Federal parole office comes to Iqaluit
Halfway house for convicted offenders could follow.
IQALUIT — Canadian Corrections officials and Nunavut’s Department of Justice are considering a federal half-way house for Iqaluit.
“That’s just one of the ideas we’re considering,” says parole officer Mark Otto. Otto is the new area director for the first ever federal parole office to be located in Iqaluit.
Before Nunavut was created, federal parole programs were run out of an office in Yellowknife. Now Otto is in charge of supervising parolees across Nunavut.
Relying on a network of social workers to monitor parolees in various communities, Otto fills a unique role in the Canadian corrections system.
Normally, an area director oversees the day-to-day management of a parole office. It’s the district director who usually handles the more political issues, such as whether to establish a halfway house.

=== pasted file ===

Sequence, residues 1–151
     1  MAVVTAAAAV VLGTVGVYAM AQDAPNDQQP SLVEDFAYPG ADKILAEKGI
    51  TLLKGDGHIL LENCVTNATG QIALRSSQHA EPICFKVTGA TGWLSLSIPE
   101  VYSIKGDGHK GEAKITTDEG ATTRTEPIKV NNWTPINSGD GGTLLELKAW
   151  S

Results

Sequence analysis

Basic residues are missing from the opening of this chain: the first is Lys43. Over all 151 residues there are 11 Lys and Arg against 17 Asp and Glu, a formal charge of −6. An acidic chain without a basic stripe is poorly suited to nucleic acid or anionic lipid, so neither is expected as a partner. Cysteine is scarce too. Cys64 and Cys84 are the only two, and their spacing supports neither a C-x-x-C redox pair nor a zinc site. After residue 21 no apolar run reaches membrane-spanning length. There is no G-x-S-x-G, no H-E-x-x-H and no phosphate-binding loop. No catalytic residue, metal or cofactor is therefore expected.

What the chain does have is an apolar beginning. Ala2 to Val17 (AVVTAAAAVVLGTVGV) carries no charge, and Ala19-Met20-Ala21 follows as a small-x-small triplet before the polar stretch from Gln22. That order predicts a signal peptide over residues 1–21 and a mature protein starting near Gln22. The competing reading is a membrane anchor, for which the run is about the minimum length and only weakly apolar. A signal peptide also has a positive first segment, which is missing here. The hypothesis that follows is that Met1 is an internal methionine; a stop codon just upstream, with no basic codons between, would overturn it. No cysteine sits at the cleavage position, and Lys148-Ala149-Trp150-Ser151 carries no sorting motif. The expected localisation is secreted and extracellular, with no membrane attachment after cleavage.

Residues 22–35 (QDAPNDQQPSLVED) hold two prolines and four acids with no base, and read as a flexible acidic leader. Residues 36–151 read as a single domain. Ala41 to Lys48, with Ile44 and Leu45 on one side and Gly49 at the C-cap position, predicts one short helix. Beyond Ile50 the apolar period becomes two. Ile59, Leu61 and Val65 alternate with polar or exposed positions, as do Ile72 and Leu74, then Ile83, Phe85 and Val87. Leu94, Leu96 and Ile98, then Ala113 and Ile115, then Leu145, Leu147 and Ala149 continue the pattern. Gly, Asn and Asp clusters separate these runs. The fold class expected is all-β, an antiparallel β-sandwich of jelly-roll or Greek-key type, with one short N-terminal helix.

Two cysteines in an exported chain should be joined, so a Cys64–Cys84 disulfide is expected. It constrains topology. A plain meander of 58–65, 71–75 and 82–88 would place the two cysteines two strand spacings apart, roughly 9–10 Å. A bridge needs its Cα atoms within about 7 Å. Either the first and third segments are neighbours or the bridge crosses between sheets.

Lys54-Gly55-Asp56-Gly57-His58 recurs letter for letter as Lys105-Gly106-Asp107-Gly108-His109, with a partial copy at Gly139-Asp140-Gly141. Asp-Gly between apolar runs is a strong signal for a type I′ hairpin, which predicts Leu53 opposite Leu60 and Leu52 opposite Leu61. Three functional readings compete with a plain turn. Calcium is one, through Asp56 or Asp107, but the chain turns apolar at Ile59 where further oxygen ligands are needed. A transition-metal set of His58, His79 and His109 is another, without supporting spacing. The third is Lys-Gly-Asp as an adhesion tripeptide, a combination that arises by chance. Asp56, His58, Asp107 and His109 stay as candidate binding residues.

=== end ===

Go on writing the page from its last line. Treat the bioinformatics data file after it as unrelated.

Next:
But because Otto’s district director works out of Fenbrook, a medium security institution north of Toronto, Otto says he finds himself doing more than your average area director.
“There may not be the political will for (a halfway house). We’re also looking at possibly providing training up here for delivery of federal programs,” Otto continues. That could mean programs aimed at anger management, stopping family violence and drug addiction.
Among the programs that the parole office, located in building 1043, does offer are pardon applications, and victim registration.
“There’s a limited number of things we can tell someone about offenders. If a person is a victim they’re entitled to know more information,” says Otto.
He explains that by registering with his office, victims can be notified ahead of time about the movements of the criminal who hurt them. If a convict gets an early parole or some other form of release their victims will be notified.
“It’s better if they know,” says Otto.